A brain computed tomography (CT) scan demonstrated diffuse and thick subarachnoid hemorrhage (SAH) in the bilateral sylvian fissures, the anterior interhemispheric fissure, the basal cistern and the posterior fossa, including the perimesencephalic region (Fig. 1). Subsequent carotid angiography showed complete occlusion of both ICAs, the so called 'bottle neck appearance' or 'beak shape,' at the level of the carotid bulb without appreciable intracranial filling and there were small collaterals from both external carotid arteries through the middle meningeal arteries to the anterior cranial fossa (Fig. 2). Vertebral artery angiography demonstrated that both hemispheres were seen filling in an antegrade fashion from the upper basilar artery and both posterior cerebral arteries through an extensive network of collateral vessels to the ICA bifurcations. A 6 × 4 mm aneurysm was also observed at the basilar artery bifurcation (Fig. 3). Perfusion CT scans revealed no reduction of cerebral blood flow and normal cerebrovascular reactivity to acetazolamide (Fig. 4). The abdominal CT aortograms did not demonstrate any other extracranial pathological vascular findings, including renal artery stenosis and fibromuscular dysplasia (figures not shown).

Fig. 1
Brain computed tomography scans demonstrate a diffuse and thick subarachnoid hemorrhage in the bilateral sylvian fissures, the anterior interhemispheric fissure, the basal cistern and the posterior fossa, including the perimesencephalic region.
Fig. 2
Right (A) and left (B) carotid digital subtraction angiography scans show complete occlusion of both internal carotid arteries at the level of the carotid bulb without appreciable intracranial filling and small collaterals from both middle meningeal arteries ...
Fig. 3
A: A vertebral digital subtraction angiography (DSA) demonstrates that both hemispheres are filling in an antegrade fashion from the upper basilar artery and both posterior cerebral arteries through an extensive network of collateral vessels, which mimicked ...
Fig. 4
Pre-acetazolamide (ACZ) perfusion computed tomography (CT) scans show no abnormalities of the cerebral blood flow (CBF) (A), the cerebral blood volume (CBV) (B) and the mean transit time (MTT) (C). Post-ACZ perfusion CT scans for the CBF (D), CBV (E) ...

The patient underwent endovascular coiling under general anesthesia for the ruptured basilar tip aneurysm. Two Guglielmi electrically detachable platinum coils and two hydrosoft helical coils were successfully deployed into the aneurysm. We tried to deploy a microplex coil at the lower neck portion of the aneurysm, but failed due to the wide neck of the aneurysm. The balloon or stent-assisted technique was not used even though there was a relatively large orifice because of the risk of thromboembolism and obstruction of the parent arteries during the procedure. Eventually, only the dome and waist of the aneurysm were packed completely (Fig. 3C). After embolization, we closely monitored the patient's neurological condition in the intensive care unit. The post-procedural period was uneventful and he was discharged without complications. The first follow-up angiograms 6 months after treatment did not show aneurysm recanalization.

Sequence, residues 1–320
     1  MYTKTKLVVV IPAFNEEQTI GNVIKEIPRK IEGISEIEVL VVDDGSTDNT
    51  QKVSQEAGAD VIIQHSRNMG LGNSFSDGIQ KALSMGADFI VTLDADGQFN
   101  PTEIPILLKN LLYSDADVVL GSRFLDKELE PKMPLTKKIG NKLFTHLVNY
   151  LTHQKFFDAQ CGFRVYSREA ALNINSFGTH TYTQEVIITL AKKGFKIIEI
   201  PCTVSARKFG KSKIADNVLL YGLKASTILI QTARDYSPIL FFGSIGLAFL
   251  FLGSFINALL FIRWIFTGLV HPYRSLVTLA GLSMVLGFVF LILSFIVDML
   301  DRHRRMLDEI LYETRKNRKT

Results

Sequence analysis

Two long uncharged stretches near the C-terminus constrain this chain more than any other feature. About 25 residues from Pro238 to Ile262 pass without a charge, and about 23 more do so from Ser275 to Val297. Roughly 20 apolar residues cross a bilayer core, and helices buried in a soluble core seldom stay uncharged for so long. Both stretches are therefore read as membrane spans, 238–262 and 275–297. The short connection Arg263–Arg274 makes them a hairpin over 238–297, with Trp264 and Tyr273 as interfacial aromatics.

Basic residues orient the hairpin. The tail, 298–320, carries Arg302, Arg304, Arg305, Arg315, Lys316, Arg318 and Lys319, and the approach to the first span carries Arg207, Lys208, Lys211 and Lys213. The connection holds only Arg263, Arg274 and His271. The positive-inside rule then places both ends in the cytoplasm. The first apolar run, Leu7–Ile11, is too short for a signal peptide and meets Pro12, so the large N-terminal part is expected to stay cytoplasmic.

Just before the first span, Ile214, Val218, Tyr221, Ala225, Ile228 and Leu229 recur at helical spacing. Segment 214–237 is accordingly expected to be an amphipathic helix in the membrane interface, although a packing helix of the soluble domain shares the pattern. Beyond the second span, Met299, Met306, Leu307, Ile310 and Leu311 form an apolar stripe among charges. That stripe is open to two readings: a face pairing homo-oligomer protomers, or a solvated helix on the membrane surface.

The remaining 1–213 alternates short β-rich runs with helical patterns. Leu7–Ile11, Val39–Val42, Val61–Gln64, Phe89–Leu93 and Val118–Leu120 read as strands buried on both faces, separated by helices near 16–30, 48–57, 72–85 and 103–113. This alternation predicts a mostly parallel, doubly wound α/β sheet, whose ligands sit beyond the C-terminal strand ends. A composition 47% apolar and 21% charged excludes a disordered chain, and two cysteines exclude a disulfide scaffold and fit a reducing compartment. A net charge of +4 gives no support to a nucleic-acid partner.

DISCUSSION

Atherosclerosis and aortic inflammation are known to be the most common causes of bilateral carotid artery occlusion without moyamoya disease.17) Atherosclerosis can occur at the point of ICA bifurcation, leading to chronic and progressive arterial stenosis, whereas aortic inflammation is likely to be involved with the aortic arch and its branches, resulting in bilateral carotid artery occlusion. Generally, an occlusion at the beginning part of the ICA is likely to be caused by atherosclerosis, while the occlusion of the bilateral common carotid artery is likely aortitis.17) According to the study by AbuRahma and Copeland,1) all patients with atherosclerotic bilateral ICA occlusion had a history of cerebral ischemic attack such as transient ischemic attack (TIA), amaurosis fugax, or stroke even though collateral circulation was present, and they all needed surgical interventions such as endarterectomy, carotid-subclavian bypass or medical treatments using warfarin or aspirin.